The Tujia people are the 6th largest ethinic minority in China, drawing many visitors to tour Sichuan and Chongqing to see their interesting culture, long established in southwest China. Guests of the Tujia enjoy activities such as the Tujia's time-honored Baishou dance, or "hand-waving" dance, observing their special customs, and learning odd cultural taboos.
The Tujia people mainly live in China's Hunan, Hubei, and Guizhou provinces, as well as Chongqing Municipality. Many of the Tujia people who live in Chongqing have largely assimilated into China's majority Han culture, but some Tujia, especially in remote areas, still proudly keep the old ways of the Tujia people. Trekking in China's remote areas can be truly unique!
The Tujia people are renowned for their singing ability, song compositions, and for their traditional "hand-waving dance" - a 500-year old collective dance which uses 70 ritual gestures to represent war, farming, hunting, courtship and other aspects of traditional life! This cultural distinctive of the Tujia people is highly treasured, not only within their own community but across China. Come travel to Chongqing and learn to wave your hands with the beautiful Tujia girls as they express their culture and history through song and dance!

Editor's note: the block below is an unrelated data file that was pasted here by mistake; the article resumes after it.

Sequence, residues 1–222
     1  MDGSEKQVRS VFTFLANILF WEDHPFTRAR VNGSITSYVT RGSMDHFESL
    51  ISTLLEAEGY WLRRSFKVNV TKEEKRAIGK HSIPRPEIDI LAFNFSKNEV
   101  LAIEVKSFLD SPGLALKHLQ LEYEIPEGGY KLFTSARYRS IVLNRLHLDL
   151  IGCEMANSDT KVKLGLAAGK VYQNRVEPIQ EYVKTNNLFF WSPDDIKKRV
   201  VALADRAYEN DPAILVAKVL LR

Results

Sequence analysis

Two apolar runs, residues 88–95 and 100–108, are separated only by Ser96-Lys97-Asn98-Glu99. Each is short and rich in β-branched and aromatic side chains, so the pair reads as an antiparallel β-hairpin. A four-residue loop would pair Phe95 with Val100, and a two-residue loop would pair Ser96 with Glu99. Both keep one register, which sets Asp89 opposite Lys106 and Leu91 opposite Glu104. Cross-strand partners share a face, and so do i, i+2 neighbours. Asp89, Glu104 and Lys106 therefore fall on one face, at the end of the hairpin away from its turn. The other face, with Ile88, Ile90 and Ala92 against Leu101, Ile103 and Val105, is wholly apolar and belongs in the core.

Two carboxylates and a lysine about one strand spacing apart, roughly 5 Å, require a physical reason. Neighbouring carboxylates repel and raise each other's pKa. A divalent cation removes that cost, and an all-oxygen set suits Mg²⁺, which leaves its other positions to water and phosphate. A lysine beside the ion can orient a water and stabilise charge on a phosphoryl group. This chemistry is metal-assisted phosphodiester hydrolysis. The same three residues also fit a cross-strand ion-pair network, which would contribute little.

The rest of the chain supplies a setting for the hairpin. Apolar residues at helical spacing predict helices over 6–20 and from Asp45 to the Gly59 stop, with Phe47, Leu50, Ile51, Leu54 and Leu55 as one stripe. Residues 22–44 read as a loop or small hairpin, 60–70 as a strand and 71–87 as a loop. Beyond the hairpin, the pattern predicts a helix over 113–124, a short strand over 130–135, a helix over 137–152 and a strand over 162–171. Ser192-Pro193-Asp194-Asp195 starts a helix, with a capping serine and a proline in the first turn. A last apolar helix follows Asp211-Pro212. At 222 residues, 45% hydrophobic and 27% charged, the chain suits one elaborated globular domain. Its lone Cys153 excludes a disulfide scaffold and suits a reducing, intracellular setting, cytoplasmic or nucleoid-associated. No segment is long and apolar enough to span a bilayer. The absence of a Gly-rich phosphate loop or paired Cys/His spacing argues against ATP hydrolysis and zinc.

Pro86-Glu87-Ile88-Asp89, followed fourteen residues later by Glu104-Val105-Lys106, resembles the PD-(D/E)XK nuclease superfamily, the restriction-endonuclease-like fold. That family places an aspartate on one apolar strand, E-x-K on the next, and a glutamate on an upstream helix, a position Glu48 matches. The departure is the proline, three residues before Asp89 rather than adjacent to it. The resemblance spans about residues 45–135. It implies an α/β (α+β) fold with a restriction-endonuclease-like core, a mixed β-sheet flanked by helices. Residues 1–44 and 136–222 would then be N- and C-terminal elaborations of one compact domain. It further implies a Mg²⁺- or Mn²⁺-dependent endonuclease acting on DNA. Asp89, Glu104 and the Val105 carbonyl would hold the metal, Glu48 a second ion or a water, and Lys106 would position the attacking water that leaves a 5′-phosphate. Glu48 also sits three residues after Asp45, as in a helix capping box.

In addition to their beautifully poetic dancing, the Tujia have some rather distinctive taboos, including:
- Young girls and pregnant women were not permitted to sit on thresholds, while men are not allowed to enter a house wearing straw rain cover, or carrying hoes or empty buckets.
- Young women were not allowed to sit next to male visitors, although young girls may.
- At worship ceremonies, cats were kept away as their meowing was considered unlucky.
- Tujia people are not allowed to approach the communal fire or say unlucky things on auspicious days.
However, there is an even more odd observance among the Tujia - their funeral dance. When someone among the Tujia passes away, the community all gathers around the coffin, singing and dancing all night. They wear their colorful traditional costume as if they were celebrating a festival!
Relatives of the deceased will finally join in the merriment when the ceremony reaches its peak. As odd as the custom seems, it reflects Tujia people's philosophy of life and death. They are open-minded about where death leads, believing that those who have passed on deserving a happy ending!
Next time you travel to Chongqing, make sure your guide includes a stop to see the unique Tujia people and their special customs. In fact, why don't you make Chongqing your whole trip to China - see the Tujia, enjoy the historic old town flavor of Ciqikou, taste world famous Chongqing-style hot pot, and relax on an amazing Yangtze river cruise!